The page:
The notion that there is so little space in the world to test microwave weapons in the world that they have to test them in the English countryside, seems pretty ridiculous to this Canadian. Driving North/west at highway speeds, it takes me two days just to get out of the Province, assuming I stop in Wawa to sleep.

    If I was looking for a place to test fancypants weapons without raising the suspicions of conspiracists and New Agers, I know where I’d start. Unless, of course, I WANTED to tweak the conspiracists and New-Agers. In which case I’d totally make crop circles and fly around in a black whisper-copter.

    In summary, if you want to do something in secret, there are more than enough secret places to do them. If you want to communicate with people, you’d choose places where there are people, like the English countryside. But in this case, the communication is roughly translated as “HA-ha!”

  21. Dr. Vallee-
    I think the issue with this hypothesis would be the vast numerical amount of formations with the criteria needed to be considered anomalous. It would be far in excess of “secret” testing on open land, much like the alleged cattle mutilations with privately owned livestock.

    I would refer you to a recent interview with Colin Andrews on Paratopia (, Episode 44 where Colin took a decidedly different approach – that these have more to do with human consciousness than anything “alien” – and that even the crop formation artists are seeing odd phenomenon in the fields.

    There is also links towards MI5 being involved in supporting crop formations being made – and there’s ample evidence for this as well. See Paratopia Episode 47.

    Colin’s thoughts seemed to feel more like your Passport to Magonia, than microwave weapons testing.

  22. I thought he (Jacques, the author of the article) was joking because the article made so little sense and is so easily testable/disprovable.
    This hardly serves as a hypothesis because although hypothesis can be made on limited evidence but should be a starting point for further investigation using science as the tool to validate or disprove the original hypothesis. The ideas I come up with on the toilet do not count as hypothesis even if the do make more sense than the one in this article.

    And yes, there is a lesson in there somewhere (to answer your question).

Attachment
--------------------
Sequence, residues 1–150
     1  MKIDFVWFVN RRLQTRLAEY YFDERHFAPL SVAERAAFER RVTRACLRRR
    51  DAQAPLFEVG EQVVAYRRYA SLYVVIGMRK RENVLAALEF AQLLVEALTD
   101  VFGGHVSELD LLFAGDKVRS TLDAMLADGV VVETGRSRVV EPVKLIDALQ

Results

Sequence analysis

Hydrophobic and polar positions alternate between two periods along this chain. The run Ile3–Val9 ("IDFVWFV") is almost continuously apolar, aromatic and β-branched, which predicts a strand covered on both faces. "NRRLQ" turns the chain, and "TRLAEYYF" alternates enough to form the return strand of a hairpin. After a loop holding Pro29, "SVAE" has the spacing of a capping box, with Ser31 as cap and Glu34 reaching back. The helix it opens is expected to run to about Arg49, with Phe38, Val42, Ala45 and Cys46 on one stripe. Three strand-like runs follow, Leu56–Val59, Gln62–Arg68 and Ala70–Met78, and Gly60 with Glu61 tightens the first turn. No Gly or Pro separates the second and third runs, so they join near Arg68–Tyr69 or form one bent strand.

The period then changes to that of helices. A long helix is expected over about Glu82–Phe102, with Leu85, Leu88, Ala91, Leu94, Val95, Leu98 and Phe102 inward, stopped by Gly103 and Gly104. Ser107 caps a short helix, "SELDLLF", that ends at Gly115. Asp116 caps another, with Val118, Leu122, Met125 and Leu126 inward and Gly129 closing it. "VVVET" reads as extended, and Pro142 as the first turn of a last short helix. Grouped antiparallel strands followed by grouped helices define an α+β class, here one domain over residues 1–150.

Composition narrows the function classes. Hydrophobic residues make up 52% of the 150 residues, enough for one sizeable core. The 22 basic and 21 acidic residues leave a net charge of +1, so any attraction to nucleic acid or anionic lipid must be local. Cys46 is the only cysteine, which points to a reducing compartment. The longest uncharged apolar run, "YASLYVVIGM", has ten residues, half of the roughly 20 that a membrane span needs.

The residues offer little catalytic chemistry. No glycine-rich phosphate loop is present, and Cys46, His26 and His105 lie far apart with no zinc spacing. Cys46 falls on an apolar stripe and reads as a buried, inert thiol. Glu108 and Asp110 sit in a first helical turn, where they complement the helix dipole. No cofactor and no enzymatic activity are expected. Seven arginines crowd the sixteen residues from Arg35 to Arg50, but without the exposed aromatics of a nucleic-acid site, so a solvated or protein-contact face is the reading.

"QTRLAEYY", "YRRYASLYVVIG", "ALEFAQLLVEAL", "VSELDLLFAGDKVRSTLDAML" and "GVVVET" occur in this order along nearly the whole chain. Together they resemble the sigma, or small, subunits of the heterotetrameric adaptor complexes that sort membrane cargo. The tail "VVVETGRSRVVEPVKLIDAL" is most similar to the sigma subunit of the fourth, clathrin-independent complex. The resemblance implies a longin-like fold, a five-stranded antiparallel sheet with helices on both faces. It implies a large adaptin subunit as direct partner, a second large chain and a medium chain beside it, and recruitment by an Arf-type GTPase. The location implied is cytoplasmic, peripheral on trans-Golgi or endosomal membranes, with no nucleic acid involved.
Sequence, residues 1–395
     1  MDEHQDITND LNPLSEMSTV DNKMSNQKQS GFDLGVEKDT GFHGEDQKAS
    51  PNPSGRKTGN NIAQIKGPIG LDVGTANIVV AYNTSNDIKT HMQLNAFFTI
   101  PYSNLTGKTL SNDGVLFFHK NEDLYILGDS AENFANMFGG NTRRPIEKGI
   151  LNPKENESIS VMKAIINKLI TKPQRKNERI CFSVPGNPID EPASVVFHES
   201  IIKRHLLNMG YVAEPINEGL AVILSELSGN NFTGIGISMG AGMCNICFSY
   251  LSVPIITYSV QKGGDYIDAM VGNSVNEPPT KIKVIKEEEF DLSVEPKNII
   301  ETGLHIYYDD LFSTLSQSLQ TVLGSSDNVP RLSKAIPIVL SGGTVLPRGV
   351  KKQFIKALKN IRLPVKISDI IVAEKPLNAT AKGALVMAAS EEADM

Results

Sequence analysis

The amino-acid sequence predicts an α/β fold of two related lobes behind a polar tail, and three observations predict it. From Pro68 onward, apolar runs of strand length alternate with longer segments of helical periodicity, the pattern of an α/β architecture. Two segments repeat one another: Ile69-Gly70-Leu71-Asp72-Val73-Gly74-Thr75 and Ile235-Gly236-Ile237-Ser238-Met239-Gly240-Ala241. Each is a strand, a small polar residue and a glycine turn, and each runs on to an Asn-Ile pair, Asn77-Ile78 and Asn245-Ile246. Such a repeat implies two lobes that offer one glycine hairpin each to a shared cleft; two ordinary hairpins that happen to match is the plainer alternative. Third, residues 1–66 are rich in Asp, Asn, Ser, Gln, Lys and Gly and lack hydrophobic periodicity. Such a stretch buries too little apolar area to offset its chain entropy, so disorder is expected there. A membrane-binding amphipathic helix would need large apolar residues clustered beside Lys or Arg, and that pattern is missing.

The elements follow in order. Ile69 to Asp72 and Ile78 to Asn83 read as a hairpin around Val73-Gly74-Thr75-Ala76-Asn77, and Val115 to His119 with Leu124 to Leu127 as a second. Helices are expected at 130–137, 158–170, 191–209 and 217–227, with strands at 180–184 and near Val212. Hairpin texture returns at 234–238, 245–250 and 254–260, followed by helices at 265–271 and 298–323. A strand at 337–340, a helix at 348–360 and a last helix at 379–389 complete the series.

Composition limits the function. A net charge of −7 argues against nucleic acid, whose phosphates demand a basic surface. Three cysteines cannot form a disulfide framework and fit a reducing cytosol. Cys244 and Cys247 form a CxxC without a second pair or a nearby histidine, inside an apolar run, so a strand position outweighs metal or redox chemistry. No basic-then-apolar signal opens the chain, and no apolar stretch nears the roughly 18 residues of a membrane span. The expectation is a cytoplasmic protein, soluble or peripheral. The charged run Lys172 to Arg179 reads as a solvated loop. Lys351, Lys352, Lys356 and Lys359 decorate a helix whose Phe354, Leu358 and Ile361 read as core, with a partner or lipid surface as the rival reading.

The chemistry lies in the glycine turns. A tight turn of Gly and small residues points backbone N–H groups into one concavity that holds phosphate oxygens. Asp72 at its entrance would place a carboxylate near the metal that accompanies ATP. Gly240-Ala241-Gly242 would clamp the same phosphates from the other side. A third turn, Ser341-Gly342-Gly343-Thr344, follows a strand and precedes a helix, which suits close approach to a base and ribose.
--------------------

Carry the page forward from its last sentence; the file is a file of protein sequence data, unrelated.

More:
If you truly have a question, if you are truly curious as to what the answer is, then go and do the research. To do that you may need 5-10 years in university learning scientific procedures and (in this case) molecular biology, electrical engineering or other such sciences.
    If you’re not willing to put in REAL work to answer the questions which plague you, then your curiosity is limited and you don’t deserve a proper answer. I am that curious (in another field, more related to why people fall for any weird idea they see) and so am putting in the hard work required.
    I’ve also put in a part of the required research to form enlightened opinions about stuff like this crop circle fad, but more importantly I’ve learned that the burden of proof lies upon him who makes the crackpot assumptions to prove them, not me to disprove them.

  23. occam’s razor shows that it is not “the military using experimental microwave weapons.” the simplest answer (alien UFOs) is usually the correct answer.

  24. Ok, simple.
    Jacques, you are clever in another field.
    Use that cleverness and study basic scientific research methods (not statistics, which you’re probably excellent at) and form a proper hypothesis. Get a group of scientists from the necessary fields (biologists of different types as well as experts on microwave technology) and get them to sample crop circles, find out what caused the bend/break, and recreate the effect perfectly (a smaller scale can be fine).

    As I said, simple.

    After that I will be a believer.

  25. Seems like a reasonable hypothesis. The stalks of the plants often show damage consistent with microwave heating.

    The people calling this crazy need to recognize that it provides a naturalistic explanation consistent with known facts: there has been a huge amount of money spent by the US on black projects every year for decades now, some of it to directed energy weapons; crop circles may provide some testing and perhaps psy-ops or even tourism value which can be exploited without revealing the capability (no one would believe it anyway,as seen above), therefore it’s not out of the realm of possibility that microwave beams from secret aircraft make crop circles.